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I received a couple of emails this week asking about the process of getting replacement keys for toolboxes. I’ve had a little experience with this on my own, but to offer a real answer, I headed to Google, then called around a bit among our TM contacts. Short answer: You’re pretty damn screwed. Read on for the longer version.

So the first time I lost a key to a toolbox, I figured the process would be pretty much like replacing a lawnmower key: there are probably only three or four of ‘em, so you can either get one from the local shop, or worst case, you could call the manufacturer and order one.

That’s partially true. Contacting your local dealer and then the manufacturer directly via numbers you find on their website or products should be the first stop in your journey. Larger manufacturers generally stock replacement keys, though generally not at the truck/dealer level, which means you’ll probably have to special order them. They’re not cheap, either, ranging from a few bucks to around $50 or more. To identify your specific key, most manufacturers will request a number from the outside of the toolbox. Since these numbers vary — and there are usually more than one on the box — you’ll need to ask the manufacturer which one specifically you need, then get it and call back.

You should probably know, though, that it’s been our experience that most manufacturers place this low on their priority list. Toolbox locks are generally considered ineffective as theft deterrents, especially in shops full of dozens to thousands of tools which can disable said locks in seconds. So we get the feeling that most manufacturers think you really shouldn’t lock your toolbox anyway. Indeed, a lot of advice we’ve seen in online forums (and among Toolmongers in email) seems to suggest the same: disable the lock early on to avoid having to damage your toolbox to get at the tools inside.

And that brings us to the final answer. If your manufacturer doesn’t sell (or doesn’t stock) your key (or can’t get it to you in a timely fashion), you’re going to have to disable and remove the lock. If you’re serious about not doing any damage, give your local locksmith a call. You might have to call around a bit — especially if you’re in a larger city — to weed out the I-just-open-locked-cars-for-cash chaff from the seriously-knows-their-stuff wheat. You’ll definitely need the latter, who’re generally the guys who’ve done lots of oddball (but more common than you’d think) jobs like opening file cabinets, desks, and so on. Generally speaking, most toolbox locks are remarkably similar to office supply locks, so these guys can likely do the job quickly and painlessly — though probably not inexpensively.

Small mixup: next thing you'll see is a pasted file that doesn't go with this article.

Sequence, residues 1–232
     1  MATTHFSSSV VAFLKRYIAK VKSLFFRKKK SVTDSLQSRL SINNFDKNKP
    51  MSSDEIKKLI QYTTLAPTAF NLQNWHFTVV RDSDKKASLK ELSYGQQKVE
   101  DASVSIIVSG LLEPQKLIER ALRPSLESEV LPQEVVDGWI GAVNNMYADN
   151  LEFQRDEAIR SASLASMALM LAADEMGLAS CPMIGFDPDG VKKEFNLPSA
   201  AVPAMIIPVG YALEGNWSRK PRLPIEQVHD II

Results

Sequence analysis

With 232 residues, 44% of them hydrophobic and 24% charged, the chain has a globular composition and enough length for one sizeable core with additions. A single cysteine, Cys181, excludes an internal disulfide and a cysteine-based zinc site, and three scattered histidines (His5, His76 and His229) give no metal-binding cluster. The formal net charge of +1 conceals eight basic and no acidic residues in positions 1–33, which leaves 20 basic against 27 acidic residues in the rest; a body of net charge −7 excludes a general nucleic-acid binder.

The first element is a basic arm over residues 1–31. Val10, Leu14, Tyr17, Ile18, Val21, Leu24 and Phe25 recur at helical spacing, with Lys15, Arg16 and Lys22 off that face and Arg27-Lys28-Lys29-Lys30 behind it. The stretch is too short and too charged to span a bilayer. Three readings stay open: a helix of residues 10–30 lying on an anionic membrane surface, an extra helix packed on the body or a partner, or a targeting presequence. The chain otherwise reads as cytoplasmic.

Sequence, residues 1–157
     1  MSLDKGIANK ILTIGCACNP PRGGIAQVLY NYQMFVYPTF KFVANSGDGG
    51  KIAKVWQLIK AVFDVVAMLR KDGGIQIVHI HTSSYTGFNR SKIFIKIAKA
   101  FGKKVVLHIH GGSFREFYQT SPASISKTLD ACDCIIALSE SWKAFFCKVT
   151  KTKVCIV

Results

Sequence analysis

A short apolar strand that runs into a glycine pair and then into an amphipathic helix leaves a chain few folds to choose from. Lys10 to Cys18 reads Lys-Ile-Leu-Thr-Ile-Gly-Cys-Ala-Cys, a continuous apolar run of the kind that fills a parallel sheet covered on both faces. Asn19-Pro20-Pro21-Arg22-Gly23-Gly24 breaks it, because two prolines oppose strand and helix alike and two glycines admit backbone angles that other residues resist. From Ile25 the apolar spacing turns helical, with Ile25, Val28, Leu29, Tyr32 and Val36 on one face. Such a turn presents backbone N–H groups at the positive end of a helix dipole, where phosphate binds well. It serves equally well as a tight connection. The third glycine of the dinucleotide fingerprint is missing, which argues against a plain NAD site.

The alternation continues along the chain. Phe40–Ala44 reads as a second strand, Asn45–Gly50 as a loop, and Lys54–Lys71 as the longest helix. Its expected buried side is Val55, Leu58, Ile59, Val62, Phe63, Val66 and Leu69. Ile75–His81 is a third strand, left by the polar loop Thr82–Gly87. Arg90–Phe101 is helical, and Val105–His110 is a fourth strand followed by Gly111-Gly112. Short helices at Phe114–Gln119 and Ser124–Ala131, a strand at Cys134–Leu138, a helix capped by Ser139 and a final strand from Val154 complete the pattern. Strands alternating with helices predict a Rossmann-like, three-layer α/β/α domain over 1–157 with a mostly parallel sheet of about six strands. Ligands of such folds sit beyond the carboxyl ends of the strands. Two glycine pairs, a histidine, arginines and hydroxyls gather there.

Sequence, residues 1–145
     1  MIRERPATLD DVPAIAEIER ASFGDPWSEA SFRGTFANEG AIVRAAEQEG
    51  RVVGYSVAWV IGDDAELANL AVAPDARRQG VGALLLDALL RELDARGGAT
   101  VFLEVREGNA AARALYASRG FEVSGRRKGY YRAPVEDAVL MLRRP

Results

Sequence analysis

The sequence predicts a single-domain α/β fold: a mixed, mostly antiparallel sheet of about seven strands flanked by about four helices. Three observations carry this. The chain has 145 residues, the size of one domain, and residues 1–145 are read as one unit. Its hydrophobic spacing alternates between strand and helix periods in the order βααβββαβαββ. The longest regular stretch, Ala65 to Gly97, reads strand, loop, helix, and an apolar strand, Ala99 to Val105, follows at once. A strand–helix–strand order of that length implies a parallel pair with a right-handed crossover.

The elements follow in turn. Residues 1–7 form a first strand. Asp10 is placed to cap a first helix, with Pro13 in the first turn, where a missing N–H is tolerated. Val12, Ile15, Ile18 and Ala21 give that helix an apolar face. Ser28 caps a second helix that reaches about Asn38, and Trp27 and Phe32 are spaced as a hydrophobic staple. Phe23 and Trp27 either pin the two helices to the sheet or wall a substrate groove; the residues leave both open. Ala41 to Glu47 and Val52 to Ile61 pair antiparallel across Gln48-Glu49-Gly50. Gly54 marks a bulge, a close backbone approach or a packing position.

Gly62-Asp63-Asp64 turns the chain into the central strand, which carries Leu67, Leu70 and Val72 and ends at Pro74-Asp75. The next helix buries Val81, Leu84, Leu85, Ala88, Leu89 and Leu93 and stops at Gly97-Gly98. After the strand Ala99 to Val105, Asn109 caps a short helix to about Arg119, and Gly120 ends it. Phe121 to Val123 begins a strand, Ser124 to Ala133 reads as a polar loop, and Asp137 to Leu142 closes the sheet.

Finally, you can remove the lock yourself. You can drill it, or if you’re in a super big hurry and don’t care about the box (like if there’s a client standing there ready to pay you more than a toolbox worth of cash for an immediate job), you can punch the lock through. Be creative. You’re a tool guy, right? (Or at least a tools-not-in-the-locked-box guy.)

Did I miss some ideas? Let me (and all the other Toolmongers who’ve made this mistake, too) know in comments.

 

51 Responses to So You Lost Your Toolbox Key: How Screwed Are You?

  1. Blaise Pascal says:

    Instead of having a locksmith disable the lock, see if they can just cut you a new key.